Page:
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Recent Acquisitions

Psychedelic Relic

The process of accepting donations of books, photographs, manuscripts, and other items into the Maryland Historical Society’s collection can be unpredictable. Donations run the gamut from a single postcard, to a family scrapbook, a collection of personal papers, to the entire archive of a business or corporation. Sometimes the entire transaction of accepting a donation can take less than half an hour. On occasion it can be a many month process involving multiple emails and phone calls, hours of exploring the potential research and historical value of a particular donation, filling out paperwork, coordinating schedules, and arranging the actual transfer of materials. There are other instances where a potential donor will simply show up at the front door with something they’d like to give us, we have one look and take it off their hands, as is the case with the item featured here.

Cream, Baltimore Civic Center, November 3, 1968, Edgar Argo, poster collection, Maryland Historical Society. The Baltimore Civic Center (today the First Mariner Arena) has played host to countless musical acts over its history, including two performances by the Beatles on September 23, 1964 – their only visit to the city.

This is an original concert poster for the rock group Cream’s November 3, 1968 concert date at the Baltimore Civic Center during their “farewell” tour of the United States. Often referred to as the first supergroup, Cream, consisting of Eric Clapton on guitar, Jack Bruce on bass and lead vocals, and Ginger Baker on drums, broke up immediately after the tour amid growing tensions between band members. Although the poster indicates that the Baltimore concert was “their farewell performance,” the group also performed the following night in Providence, Rhode Island. This was followed by two shows at the Royal Albert Hall in London on November 26, their last performances together until reuniting for a number of concerts in the 1990s and 2000s.

Baltimore Sun, November 2, 1968

While it’s debatable that the members of Cream were “the most important controversial pop stars in the world” in 1968—other groups were more important in the history of rock and roll, for instance a group called the Beatles comes to mind, and bands such as the Rolling Stones and the Doors were arguably more controversial—the band was hugely popular and influential, with Clapton recognized as one of the greatest guitarists of all time. Wheels of Fire, their recently released album, had a four week run atop the Billboard album chart and would become the world’s first platinum selling double album. The opening acts for the date at the Civic Center were the Moody Blues and the Terry Reid Group. (Terry Reid is pictured at the top of the poster)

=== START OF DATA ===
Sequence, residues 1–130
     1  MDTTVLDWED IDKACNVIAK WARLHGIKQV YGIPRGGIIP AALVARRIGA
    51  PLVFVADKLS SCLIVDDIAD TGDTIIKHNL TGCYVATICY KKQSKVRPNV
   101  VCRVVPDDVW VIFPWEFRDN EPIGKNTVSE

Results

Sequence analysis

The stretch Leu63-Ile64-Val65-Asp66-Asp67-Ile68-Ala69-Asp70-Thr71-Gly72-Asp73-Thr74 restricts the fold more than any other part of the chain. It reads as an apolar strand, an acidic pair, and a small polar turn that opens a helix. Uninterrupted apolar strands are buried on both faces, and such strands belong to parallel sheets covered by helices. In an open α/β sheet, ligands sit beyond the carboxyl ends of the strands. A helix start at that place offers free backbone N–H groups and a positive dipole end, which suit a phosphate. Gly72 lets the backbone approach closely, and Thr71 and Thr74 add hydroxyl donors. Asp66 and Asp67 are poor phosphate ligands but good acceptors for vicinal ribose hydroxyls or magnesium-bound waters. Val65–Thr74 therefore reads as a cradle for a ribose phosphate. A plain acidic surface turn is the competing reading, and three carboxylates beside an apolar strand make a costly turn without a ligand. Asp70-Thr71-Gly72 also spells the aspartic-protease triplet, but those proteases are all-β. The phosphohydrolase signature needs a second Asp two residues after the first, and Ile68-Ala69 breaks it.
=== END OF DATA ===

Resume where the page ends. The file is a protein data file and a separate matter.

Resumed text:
The poster was designed by Edgar Argo, a Maryland-based cartoonist and illustrator who passed away in 2009. Durwood C. Settles, the promoter of the concert, was responsible for bringing many of the biggest acts of the era to the Baltimore – Washington area including Jimi Hendrix, Janis Joplin, James Brown, and the Grateful Dead. Although not present here, the byline “Durwood C. Settles Presents” on a concert poster usually indicated a quality program. As in many of the rock posters of the era, there are rumored to be a few obscured or hidden images. See if you can spot them. (Damon Talbot)

Sources:

http://nj1015.com/this-day-in-music-history-107/

http://www.allmusic.com/artist/cream-mn0000112462

http://www.cnn.com/2005/SHOWBIZ/Music/05/03/cream.reunion.concert/index.html

http://blog.postercentral.com/tag/durwood-c-settles-presents/

Discussion

3 Responses to “Psychedelic Relic”

  1. This poster- art is wild,all these people still play and Terry Reid at top of the poster , this is the only poster that proves is story ,the led Zeppelin story .

    Posted by Steven | 17. Jul, 2013, 7:49 am
  2. Durwood Settles is my brother(ok half brother, I guess you were gonna notice the difference anyway), and I’m thrilled to see that he is getting well deserved credit for bringing the best rock music of all time to the DC area in the late 60s and early 70s. Those shows hold a special place in my heart, as I’m sure they do in thousands of other 60(or so) year old kids who were just then having the best f’ing times of their lives. Thanks Dur, for letting me be a part of it. They were all like dreams come true.

    Posted by John A.Warnock | 13. Mar, 2014, 5:41 pm

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